"You to write the book number two what were your sources and number three what was the most interesting and unexpected thing that you discover I want you to okay what was your first okay well I think what writers will tell you it's not just the writing the book it's the researching the book that goes into a lot of queues up a lot of time and I think the dilemma that that nonfiction writers always have how much research do I do before it's not necessary it's overwhelming and I just need to get on with the job I would say considering both research and writing and they tend to mix probably three three and a half to four years well my sources I read every book I could forget my hands on about those five women some of them have great biographies written about them others don't have much particularly Sarah Josepha Hale and absorb that I went to all the locations where these women conducted their efforts I've been to this the car barn house I've been to Tubman's location down in the eastern shore in Dorchester county and I've been to her children's home in Auburn New York where she died in in the early nineteen hundreds so absorbed all of that though those all became very influential in and how I prepared this book what was the thing that struck me what was the thing that was most amazing well you know all these women are sort of mythological in some senses but they all had real flaws and I don't want to pick them apart is its ability the real human beings Clara Barton had what I call these days the entrepreneurial problem she started the red cross but didn't want to let go of it didn't want to take our hands off and she was kind of like the entrepreneur who started a company and his reach great success but never wants to let somebody else take over that would that was a flaw she also could be a bit we would pull her rank she was great friends with Harry Wilson who is a senator and she was not afraid to tell anybody like rocker who's a quartermaster you know I don't think what you're telling me that senator Wilson but approval so there was that aspect too high and I could go on but I think that and I've said that they were human beings real human beings hi Bob I have a question I know you've been fascinated by these are five by women and they're all notable but at any point have you considered others to include here and essentially runners up who might be worthy of us being aware of well that's a because of their own there are many other women that I could take off now who had lesser accomplishments in a in a sense but these were women who for me did extraordinary things over a long period of time and I couldn't find anybody else that quite that longevity that I was looking for and how many people the news my wife is always told me that dot three is not necessarily a good number to view for you can't have an even number gonna do five so I think I really focused on doing five and not not to be silly about it but it it it turned out those five were the most notable people that I came across with all my research I know are any of you who have thoughts about the south why did not include them I think what I wanted to do was draw attention to the union cause which is in real trouble and and five women who believe passionately passionately about it and did things they were not just the one on officially to lecture and and write books except in the case I heard Thomas but they they were doers they they did these things they went out there and they accomplish things not just talking or writing their diaries not that that's not an important thing to do but I was struck by what accomplishment and I use that word deliberately accomplished women they want.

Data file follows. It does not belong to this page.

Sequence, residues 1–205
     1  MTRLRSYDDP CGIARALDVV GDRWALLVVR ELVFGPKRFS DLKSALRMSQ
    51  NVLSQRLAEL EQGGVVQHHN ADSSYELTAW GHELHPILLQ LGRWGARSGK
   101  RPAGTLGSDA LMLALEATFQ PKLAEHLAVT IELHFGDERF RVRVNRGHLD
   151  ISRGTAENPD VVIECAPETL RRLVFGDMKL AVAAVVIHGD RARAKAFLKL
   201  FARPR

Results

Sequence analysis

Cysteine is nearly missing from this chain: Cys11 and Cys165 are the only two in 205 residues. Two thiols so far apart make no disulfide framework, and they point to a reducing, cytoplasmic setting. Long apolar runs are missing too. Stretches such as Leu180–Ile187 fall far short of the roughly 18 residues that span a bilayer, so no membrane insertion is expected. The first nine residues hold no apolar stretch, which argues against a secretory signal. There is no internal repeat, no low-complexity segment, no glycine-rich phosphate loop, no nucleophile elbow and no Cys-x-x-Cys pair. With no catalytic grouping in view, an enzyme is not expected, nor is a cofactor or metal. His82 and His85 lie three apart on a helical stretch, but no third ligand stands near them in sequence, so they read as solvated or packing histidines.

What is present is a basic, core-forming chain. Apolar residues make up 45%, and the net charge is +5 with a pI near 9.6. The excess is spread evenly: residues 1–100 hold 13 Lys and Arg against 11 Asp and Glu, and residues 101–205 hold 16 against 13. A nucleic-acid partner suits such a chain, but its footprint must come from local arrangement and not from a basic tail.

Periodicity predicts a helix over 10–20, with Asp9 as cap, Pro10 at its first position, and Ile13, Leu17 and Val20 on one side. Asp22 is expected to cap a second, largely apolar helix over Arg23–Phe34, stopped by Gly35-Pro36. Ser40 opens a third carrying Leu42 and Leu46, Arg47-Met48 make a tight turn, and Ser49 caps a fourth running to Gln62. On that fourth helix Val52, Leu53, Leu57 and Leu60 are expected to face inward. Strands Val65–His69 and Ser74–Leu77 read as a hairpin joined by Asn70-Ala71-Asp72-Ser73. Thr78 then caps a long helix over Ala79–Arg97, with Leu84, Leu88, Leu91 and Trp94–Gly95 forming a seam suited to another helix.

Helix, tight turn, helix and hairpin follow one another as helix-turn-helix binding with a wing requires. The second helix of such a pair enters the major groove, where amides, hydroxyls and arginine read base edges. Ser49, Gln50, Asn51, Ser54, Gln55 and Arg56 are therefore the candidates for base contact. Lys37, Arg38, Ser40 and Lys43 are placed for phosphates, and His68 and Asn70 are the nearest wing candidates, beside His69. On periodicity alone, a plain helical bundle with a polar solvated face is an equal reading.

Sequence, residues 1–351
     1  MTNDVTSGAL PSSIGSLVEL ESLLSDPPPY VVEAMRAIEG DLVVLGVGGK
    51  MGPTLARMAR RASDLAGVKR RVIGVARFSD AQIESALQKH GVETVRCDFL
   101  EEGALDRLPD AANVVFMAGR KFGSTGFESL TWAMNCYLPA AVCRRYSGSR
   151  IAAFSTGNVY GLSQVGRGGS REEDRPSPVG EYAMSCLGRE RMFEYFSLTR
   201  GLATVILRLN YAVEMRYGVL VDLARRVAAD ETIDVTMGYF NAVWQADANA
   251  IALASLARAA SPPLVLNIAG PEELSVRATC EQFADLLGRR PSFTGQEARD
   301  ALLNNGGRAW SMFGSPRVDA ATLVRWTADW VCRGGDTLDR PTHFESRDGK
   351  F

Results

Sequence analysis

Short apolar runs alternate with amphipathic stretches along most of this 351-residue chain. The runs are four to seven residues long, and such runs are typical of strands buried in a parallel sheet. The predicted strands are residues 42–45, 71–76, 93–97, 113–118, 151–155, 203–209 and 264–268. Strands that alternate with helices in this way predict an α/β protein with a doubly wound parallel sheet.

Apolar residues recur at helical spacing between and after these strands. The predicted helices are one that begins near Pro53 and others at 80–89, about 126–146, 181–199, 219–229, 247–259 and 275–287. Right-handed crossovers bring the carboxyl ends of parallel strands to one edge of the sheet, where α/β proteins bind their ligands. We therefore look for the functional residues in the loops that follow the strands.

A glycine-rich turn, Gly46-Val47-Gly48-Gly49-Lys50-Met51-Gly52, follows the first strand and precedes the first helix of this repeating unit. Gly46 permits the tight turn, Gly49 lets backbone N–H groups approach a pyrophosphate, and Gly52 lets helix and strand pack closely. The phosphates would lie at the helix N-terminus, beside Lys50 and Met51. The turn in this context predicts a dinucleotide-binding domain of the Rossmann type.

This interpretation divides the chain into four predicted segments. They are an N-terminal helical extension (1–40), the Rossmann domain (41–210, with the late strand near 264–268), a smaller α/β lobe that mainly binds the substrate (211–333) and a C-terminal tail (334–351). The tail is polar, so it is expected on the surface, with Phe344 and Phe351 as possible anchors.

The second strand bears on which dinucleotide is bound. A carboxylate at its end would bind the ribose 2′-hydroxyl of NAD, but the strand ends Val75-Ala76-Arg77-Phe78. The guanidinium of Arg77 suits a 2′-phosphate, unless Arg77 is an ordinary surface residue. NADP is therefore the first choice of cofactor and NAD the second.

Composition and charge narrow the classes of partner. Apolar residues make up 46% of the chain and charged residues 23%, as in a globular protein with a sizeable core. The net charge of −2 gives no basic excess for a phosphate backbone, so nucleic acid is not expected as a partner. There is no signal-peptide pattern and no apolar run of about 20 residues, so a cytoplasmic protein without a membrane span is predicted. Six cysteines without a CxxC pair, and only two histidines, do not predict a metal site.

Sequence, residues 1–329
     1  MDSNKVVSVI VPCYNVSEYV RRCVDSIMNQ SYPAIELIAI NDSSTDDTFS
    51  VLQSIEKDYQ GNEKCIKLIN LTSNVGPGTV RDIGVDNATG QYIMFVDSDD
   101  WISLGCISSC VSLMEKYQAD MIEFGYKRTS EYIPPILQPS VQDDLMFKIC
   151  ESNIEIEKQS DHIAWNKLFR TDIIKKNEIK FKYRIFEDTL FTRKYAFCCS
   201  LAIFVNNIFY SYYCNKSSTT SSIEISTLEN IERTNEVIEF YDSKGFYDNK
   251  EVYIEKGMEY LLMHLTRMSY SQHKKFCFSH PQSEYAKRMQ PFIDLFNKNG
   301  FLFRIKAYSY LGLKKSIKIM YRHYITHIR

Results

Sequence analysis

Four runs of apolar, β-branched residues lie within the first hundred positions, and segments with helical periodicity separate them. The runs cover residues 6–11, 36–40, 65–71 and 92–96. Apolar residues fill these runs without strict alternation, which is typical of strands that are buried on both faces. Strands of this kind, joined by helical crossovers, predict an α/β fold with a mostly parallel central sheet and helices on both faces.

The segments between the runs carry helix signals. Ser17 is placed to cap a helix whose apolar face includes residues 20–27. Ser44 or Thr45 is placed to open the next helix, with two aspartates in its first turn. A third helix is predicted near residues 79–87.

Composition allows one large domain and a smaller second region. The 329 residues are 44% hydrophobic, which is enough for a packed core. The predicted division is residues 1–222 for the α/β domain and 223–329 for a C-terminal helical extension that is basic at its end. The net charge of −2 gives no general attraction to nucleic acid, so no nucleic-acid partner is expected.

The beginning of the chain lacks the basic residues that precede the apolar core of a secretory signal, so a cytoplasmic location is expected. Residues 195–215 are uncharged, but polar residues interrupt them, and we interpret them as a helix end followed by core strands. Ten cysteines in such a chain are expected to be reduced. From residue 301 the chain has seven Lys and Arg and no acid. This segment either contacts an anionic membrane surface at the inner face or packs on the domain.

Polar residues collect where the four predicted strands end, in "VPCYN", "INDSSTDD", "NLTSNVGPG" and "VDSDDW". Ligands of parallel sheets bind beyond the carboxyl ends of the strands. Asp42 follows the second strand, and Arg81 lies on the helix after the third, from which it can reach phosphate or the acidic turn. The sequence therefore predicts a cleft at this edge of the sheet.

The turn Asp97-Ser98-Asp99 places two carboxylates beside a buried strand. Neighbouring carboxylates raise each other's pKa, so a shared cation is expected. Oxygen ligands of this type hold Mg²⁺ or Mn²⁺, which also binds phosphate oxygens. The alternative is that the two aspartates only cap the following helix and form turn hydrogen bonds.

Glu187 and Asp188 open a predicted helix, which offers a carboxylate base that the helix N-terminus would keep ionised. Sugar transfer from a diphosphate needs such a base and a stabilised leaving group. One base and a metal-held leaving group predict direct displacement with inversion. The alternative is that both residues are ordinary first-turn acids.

"sarah josepha hale" Discussed on C-SPAN Radio

C-SPAN Radio

07:19 min | 1 year ago

"sarah josepha hale" Discussed on C-SPAN Radio